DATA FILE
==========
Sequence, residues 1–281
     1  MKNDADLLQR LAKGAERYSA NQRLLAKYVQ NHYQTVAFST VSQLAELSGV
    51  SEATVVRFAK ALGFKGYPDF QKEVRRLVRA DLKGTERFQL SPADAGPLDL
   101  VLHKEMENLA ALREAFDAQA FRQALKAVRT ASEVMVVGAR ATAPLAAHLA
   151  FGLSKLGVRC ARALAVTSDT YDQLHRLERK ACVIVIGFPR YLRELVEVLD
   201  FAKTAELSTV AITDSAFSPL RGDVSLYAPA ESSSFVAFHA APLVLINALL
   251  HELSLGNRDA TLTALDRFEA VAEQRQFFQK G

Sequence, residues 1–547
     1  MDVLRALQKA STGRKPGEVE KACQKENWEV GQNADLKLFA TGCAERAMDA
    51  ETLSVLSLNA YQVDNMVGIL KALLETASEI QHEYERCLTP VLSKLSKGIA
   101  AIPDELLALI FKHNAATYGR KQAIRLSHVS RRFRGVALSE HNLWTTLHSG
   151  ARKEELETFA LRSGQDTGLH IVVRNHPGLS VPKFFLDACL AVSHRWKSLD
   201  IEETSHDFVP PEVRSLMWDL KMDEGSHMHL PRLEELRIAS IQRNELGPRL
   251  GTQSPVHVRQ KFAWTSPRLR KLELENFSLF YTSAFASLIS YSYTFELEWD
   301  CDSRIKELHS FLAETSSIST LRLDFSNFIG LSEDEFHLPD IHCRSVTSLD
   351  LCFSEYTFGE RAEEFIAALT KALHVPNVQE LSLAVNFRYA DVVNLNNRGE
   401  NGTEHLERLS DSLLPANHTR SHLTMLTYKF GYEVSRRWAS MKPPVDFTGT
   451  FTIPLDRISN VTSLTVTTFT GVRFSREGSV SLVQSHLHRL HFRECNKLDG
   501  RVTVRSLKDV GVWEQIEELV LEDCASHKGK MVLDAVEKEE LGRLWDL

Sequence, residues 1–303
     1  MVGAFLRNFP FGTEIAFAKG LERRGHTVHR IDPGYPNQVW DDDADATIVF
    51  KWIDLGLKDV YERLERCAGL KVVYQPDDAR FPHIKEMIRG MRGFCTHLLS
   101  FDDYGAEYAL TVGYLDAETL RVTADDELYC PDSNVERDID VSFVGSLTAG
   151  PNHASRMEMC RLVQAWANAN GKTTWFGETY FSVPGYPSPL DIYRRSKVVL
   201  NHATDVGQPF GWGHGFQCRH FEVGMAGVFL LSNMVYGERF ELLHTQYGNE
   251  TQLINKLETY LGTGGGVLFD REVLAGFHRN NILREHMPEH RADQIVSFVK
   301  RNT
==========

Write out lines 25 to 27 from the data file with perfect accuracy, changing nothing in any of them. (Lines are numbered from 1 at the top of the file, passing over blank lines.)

   201  NHATDVGQPF GWGHGFQCRH FEVGMAGVFL LSNMVYGERF ELLHTQYGNE
   251  TQLINKLETY LGTGGGVLFD REVLAGFHRN NILREHMPEH RADQIVSFVK
   301  RNT